The COOP program is the nation’s largest and oldest weather network. It was established in 1891 to formalize the collection of meteorological observations and record climate conditions in the United States based on the ideas of Thomas Jefferson. Because the network’s observers have generated consistent long-term historical climate data, the network has established an instrumental record of climate. Climatic atlases for the country are based on decades of observations from COOP observers. These data are invaluable in learning more about the floods, droughts, heat and cold waves affecting us all. COOP data plays a critical role in efforts to recognize and evaluate the extent of human impacts on climate from local to global scales. The LLNF COOP site will add to this historic data set and help create more accurate weather predictions for the island.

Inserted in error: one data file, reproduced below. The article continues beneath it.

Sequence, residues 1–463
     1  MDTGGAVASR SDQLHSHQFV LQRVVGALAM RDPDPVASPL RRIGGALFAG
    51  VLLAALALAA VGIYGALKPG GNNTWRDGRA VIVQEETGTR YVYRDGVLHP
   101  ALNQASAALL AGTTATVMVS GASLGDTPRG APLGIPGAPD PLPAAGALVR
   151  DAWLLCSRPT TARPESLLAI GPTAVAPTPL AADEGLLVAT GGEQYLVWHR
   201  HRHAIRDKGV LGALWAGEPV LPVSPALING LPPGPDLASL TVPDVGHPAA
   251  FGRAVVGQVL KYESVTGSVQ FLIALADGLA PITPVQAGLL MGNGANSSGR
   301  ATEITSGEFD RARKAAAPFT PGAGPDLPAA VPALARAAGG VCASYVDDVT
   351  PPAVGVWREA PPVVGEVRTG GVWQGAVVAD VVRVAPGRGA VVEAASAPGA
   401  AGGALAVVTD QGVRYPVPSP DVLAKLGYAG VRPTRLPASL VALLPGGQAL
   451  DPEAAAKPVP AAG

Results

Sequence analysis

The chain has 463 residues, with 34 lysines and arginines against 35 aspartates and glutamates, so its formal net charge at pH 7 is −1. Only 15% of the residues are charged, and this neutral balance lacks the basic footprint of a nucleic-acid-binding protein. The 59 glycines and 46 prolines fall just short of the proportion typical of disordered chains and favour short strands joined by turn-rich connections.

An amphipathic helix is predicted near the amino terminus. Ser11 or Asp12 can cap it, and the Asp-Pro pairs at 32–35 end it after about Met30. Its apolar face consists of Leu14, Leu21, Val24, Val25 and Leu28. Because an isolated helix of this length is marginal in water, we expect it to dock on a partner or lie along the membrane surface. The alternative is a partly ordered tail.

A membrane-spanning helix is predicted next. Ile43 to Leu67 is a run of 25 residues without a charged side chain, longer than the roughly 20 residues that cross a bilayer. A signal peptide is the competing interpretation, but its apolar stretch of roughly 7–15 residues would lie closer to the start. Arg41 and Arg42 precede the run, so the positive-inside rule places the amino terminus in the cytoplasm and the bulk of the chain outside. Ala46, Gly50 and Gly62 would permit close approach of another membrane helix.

In addition to how much water falls and when, the LLNF is also helping monitor what’s IN our precipitation. In 2014, the Nantucket Land Council partnered with the National Atmospheric Deposition Program (NADP) to establish an NADP station on the LLNF property. This station is powered by a solar panel and collects rain water into a collecting bucket every time it rains. Once a week, Emily Molden from the Nantucket Land Council collects the bucket and mails the sample of precipitate to the NADP lab. Samples are analyzed at the program’s Central Analytical Laboratory in Champaign, Illinois, to determine the amounts of certain chemicals, including NO3- and NH4+.